Group thinking, memory

Have you ever taken a course, or went to a lecture, where the ideas were presented so quickly or in so complex a manner that you learned next to nothing? If so, your working memory was likely overwhelmed past its total capacity.

Working memory and its limits

We all process information in three steps: 1) sensory information is received, where it is 2) either dismissed or temporarily stored in working memory, and finally, 3) either discarded or stored in long-term memory.

The issue is, there is a limit to the amount of information your working memory can hold. Picture your working memory as an empty glass: you can fill it with water, but once full, additional water just pours out the side.

That’s why, if you’re speaking to someone who’s distracted or on their smartphone, your words are just flowing out of their already occupied working memory. So you have to repeat yourself, which they’ll comprehend only when they clear their cognitive cup, dedicating the mental resources required to fully understand your speech.

Hearing loss and working memory

So what does this have to do with hearing loss? When it comes to speech comprehension, just about everything.

If you have hearing loss, particularly high-frequency hearing loss (the most common), you probably have trouble hearing the higher-pitched consonant sounds of speech. As a result, it’s easy to misunderstand what is said or to miss out on words completely.

But that’s not all. In addition to not hearing some spoken words, you’re also straining your working memory as you attempt to comprehend speech using complementary data like context and visual cues.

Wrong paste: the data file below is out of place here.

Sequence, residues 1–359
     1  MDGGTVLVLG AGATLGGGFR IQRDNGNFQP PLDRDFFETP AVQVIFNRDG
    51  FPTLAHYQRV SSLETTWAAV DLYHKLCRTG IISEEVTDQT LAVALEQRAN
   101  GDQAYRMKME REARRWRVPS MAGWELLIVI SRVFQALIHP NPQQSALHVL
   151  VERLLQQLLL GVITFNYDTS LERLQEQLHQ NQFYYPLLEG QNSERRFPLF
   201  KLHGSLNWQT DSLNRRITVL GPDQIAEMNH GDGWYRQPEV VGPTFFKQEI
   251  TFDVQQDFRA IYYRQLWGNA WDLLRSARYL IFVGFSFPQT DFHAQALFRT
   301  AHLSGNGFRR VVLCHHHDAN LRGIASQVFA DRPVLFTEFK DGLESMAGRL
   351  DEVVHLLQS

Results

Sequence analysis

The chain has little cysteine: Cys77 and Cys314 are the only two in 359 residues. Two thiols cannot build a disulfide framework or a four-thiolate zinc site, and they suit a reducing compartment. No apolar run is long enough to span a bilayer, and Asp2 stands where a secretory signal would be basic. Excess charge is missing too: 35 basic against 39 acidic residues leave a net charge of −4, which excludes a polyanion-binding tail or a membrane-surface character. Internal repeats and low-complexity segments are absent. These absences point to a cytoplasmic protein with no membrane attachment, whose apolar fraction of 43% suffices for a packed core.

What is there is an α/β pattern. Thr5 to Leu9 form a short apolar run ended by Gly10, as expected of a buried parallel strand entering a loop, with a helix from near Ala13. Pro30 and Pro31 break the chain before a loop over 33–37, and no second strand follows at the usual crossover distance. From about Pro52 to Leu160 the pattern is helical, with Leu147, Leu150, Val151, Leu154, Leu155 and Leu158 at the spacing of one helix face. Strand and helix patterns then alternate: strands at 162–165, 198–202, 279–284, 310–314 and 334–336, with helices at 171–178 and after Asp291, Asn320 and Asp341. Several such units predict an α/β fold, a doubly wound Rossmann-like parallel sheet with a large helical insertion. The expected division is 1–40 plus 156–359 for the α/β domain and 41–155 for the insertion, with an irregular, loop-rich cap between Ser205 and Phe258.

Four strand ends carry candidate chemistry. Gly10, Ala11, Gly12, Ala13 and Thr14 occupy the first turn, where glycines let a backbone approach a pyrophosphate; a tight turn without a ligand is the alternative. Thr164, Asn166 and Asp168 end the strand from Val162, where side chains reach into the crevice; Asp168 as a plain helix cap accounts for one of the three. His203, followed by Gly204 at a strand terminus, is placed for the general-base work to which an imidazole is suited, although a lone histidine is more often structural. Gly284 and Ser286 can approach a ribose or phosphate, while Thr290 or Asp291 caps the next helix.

This continuous processing of incomplete information burdens your working memory beyond its potential. And to make things worse, as we grow older, the capacity of our working memory diminishes, exacerbating the consequences.

Working memory and hearing aids

Hearing loss taxes working memory, produces stress, and obstructs communication. But what about hearing aids? Hearing aids are supposed to enhance hearing, so in theory hearing aids should clear up working memory and improve speech comprehension, right?

That’s precisely what Jamie Desjardins, Ph.D., assistant professor in the Speech-Language Pathology Program at The University of Texas at El Paso, was about to find out.

DesJardins studied a group of individuals in their 50s and 60s with two-sided hearing loss who had never used hearing aids. They took a preliminary cognitive test that measured working memory, attention, and information processing speed, prior to ever putting on a pair of hearing aids.

After wearing hearing aids for two weeks, the group retook the test. What DesJardins found was that the group participants exhibited appreciable improvement in their cognitive ability, with greater short-term recollection and quicker processing speed. The hearing aids had expanded their working memory, decreased the quantity of information tied up in working memory, and helped them increase the speed at which they processed information.

The implications of the study are wide ranging. With improved cognitive function, hearing aid users could see enhancement in nearly every area of their lives. Better speech comprehension and memory can improve conversations, strengthen relationships, elevate learning, and augment productivity at work.


This experiment is one that you can test out for yourself. Our hearing aid trial period will enable you to run your own no-risk experiment to find out if you can accomplish similar improvements in memory and speech comprehension.

Are you up for the challenge?